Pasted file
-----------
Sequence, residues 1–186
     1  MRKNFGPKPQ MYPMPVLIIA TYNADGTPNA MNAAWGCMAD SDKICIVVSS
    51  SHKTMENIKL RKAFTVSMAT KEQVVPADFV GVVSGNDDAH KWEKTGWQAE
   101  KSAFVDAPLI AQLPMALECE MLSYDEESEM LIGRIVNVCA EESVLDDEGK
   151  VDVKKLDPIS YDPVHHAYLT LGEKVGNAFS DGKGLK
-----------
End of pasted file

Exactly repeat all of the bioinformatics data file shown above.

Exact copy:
Sequence, residues 1–186
     1  MRKNFGPKPQ MYPMPVLIIA TYNADGTPNA MNAAWGCMAD SDKICIVVSS
    51  SHKTMENIKL RKAFTVSMAT KEQVVPADFV GVVSGNDDAH KWEKTGWQAE
   101  KSAFVDAPLI AQLPMALECE MLSYDEESEM LIGRIVNVCA EESVLDDEGK
   151  VDVKKLDPIS YDPVHHAYLT LGEKVGNAFS DGKGLK